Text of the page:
That there existed in Asia Minor, or in Syria, or, in short, in the East before the beginning of the third century, symbols used as baptismal confessions which were based upon the baptismal formula, gave the second article in the form of an historical account, and summarised in the third the blessings which faith receives, cannot be shown. To prove the existence in the East at all, in the earliest period, of any fixed crystallised confession, and therefore of a primitive Eastern symbol closely related to the old Roman one, but still independent of it, is impossible. Not only can the existence of any such primitive symbol not be proved, but it is quite improbable, as the history of the Eastern Church shows in the third century by its silence, and in the fourth by what it says. Nevertheless the result of our investigations is not merely negative. On the contrary, we can agree that those who defend the existence of a primitive typical Eastern symbol are, up to a certain point, right. There did actually exist in the East (in Asia Minor or, as the case may be, Asia Minor and Syria), as early as the beginning of the second century, inter alia a christological mathema, which is most intimately related to the second article of the Roman creed, and which, as regards the formulas and details peculiar to it, made its way into the Eastern symbols of the fourth century. There existed, further, formulas referring to One God, the Creator of Heaven and Earth, and to His Incarnate Son, which also made their way, and exerted an influence on the whole process of forming symbols, including many modifications of the Roman symbols in the West. The exclusively theological tenor of the Eastern symbols in the second article may be traced to the primitive sarkothenta. Finally, there existed a formula which asserted of the holy prophetic Spirit the facts which it proclaimed in regard to Christ. Apart from these leading formulas the words "descensus" and "catholica" point to the East. But nevertheless the great feat of having formed the symbol, and of therewith laying the foundation of all ecclesiastical symbols, remains the glory of the community at Rome.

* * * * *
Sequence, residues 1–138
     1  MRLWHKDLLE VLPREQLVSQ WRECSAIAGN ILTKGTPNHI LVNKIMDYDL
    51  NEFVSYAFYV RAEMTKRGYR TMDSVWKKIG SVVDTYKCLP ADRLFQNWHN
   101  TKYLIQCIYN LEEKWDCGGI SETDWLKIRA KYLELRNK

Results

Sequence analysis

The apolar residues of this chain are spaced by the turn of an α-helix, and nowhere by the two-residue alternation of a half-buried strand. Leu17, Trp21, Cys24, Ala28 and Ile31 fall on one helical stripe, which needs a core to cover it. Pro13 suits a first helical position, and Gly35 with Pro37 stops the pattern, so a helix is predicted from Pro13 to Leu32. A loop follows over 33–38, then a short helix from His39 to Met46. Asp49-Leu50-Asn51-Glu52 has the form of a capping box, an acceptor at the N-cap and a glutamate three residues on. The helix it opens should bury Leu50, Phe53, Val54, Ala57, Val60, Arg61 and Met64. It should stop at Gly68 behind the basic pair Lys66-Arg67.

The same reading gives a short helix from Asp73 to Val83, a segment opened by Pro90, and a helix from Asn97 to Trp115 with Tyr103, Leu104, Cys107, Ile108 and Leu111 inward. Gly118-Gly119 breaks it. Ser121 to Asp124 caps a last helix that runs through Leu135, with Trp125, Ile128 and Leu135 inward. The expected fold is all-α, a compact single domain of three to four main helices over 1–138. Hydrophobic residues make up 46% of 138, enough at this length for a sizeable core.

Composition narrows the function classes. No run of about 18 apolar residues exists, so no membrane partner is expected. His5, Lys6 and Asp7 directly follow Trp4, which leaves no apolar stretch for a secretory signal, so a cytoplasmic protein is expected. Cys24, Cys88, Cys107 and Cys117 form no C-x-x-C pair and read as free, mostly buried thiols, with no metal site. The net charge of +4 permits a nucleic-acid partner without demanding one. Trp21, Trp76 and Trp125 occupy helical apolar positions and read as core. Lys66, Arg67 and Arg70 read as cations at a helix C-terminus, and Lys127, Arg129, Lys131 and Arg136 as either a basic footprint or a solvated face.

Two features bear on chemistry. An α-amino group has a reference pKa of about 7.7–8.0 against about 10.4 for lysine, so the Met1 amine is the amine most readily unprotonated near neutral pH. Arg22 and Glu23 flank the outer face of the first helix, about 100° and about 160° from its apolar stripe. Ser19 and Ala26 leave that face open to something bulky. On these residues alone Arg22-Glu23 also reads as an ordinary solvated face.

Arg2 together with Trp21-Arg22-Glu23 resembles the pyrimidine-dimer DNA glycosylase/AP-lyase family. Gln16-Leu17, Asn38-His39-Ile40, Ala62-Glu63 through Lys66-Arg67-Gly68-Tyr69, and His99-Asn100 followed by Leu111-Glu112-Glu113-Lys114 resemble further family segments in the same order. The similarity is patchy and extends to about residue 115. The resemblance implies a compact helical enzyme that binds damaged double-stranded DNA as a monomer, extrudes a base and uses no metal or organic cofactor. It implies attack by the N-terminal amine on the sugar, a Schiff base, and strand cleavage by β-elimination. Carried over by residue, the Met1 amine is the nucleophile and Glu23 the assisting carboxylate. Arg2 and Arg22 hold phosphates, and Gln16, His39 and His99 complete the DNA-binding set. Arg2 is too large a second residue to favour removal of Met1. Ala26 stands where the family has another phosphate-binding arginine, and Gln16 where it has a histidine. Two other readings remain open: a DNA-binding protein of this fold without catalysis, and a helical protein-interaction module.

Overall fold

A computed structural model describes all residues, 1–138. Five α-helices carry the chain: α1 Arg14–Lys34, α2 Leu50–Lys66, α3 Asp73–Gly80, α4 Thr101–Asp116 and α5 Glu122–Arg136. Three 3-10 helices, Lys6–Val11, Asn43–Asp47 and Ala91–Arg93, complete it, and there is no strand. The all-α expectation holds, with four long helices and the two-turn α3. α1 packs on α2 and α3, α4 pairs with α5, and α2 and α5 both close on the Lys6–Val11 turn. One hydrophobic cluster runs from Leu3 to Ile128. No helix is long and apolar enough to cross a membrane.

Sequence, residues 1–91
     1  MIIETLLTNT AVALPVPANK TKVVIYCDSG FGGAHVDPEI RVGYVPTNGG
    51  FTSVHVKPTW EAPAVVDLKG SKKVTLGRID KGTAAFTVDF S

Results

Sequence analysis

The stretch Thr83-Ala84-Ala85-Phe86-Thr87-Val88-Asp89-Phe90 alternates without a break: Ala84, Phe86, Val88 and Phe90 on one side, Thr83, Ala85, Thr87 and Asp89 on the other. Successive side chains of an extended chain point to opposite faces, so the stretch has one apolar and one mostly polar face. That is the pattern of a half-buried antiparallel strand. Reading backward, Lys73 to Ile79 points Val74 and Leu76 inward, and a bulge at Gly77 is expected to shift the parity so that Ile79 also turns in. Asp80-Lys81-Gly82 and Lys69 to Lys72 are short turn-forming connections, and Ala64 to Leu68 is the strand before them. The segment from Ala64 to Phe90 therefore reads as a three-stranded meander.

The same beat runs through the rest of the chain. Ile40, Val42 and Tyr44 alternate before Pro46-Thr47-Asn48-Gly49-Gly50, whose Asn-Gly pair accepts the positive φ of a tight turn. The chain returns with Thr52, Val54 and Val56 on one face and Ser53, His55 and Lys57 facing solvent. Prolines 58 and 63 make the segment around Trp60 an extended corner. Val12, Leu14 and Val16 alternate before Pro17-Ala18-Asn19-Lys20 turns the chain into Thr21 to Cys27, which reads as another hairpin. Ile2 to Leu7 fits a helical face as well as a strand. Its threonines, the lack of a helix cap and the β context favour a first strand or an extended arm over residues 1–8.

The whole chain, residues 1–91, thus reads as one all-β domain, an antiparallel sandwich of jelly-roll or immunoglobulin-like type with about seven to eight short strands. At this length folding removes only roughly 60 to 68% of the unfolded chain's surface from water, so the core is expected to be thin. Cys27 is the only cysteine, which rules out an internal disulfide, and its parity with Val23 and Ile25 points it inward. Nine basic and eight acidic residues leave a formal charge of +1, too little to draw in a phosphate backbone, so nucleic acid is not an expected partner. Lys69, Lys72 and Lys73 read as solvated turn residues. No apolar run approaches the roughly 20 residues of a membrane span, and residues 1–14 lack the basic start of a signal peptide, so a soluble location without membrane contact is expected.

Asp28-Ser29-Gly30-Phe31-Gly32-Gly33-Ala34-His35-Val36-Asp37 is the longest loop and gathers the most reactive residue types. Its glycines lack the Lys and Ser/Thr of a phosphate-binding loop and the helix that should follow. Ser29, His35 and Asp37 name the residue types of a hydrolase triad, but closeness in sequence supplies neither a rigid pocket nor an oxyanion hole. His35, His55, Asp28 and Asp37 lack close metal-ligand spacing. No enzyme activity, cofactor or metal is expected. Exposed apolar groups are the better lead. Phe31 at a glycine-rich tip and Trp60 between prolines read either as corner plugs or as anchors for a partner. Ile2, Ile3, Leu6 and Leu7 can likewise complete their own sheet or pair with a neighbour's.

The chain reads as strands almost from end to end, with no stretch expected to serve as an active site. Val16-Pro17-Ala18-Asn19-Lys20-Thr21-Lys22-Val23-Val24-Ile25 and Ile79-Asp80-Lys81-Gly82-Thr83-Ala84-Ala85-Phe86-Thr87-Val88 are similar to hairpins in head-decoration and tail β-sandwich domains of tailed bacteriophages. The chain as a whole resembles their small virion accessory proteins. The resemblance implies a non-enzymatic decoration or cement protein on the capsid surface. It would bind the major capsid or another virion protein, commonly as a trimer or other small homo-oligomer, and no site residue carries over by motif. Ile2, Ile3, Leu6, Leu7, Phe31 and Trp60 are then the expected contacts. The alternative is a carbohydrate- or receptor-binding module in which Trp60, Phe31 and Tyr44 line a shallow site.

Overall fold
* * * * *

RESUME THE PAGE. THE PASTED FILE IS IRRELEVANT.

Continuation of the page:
When did this happen? We have traced the old Roman symbol to the time of Tertullian. It is this symbol that he means when he writes de praescr. haer. 36: "Si autem Italiae adjaces, habes Romam, unde nobis quoque auctoritas praesto est … videamus quid didicerit, quid docuerit, cum Africanis quoque ecclesiis contesserarit. Unum deum dominum novit, creatorem universitatis, et Christum Jesum ex Virgine Maria filium dei creatoris et carnis resurrectionem … et ita adversus hanc institutionem neminem recipit. " This symbol we unhesitatingly trace back to about the middle of the second century. Had a symbol been established in Rome at the time of the fierce struggle with Gnosticism and Marcionism (about 145-190), it would have taken a different form; on the other hand, to go back too far beyond the middle of the second century is unwise. There are a great many things in the Shepherd of Hermas, both as a whole and in its several parts, which would be difficult to explain if the Roman symbol had been familiar to the writer. Justin shows us that about the middle of the second century the distinction between ek and dia Marias had not yet been effected. The omission of Jesus' baptism by John, and also of the Johannine expression huios monogenes, the omission of the chiliastic hopes, and the sharp distinction between anastanta, anabanta and kathemenon, are facts to be seriously weighed. In addition, the expression theos pater pantokrator has no history behind it, and it gradually displaced an older expression heis theos pantokrator. This I have already shown in the Zeitschrift fuer Theologie and Kirche,58 in which I refuted Zahn's hypothesis that the old Roman symbol originally began with the words pisteuo heis hena theon pantokratora. The old Roman symbol always ran as it now runs, but the text of its first article must have made its way in opposition to an older and very wide-spread form of the confession of God as the Creator. To Hermas the formula theos pater pantokrator is as yet unknown. This also makes it probable that the symbol originated about the middle of the second century or shortly before. The text, too, of the Eastern christological mathema, which was presumably known to the author of the old Roman symbol, is, if it contains Jesus' Baptism by John and does not mention the Ascension, older than the Roman symbol, just as the pathonta, apothanonta, as well as palin and en doxe, can be put a long way back. Finally, if we examine the Roman symbol clause by clause, the following facts are established: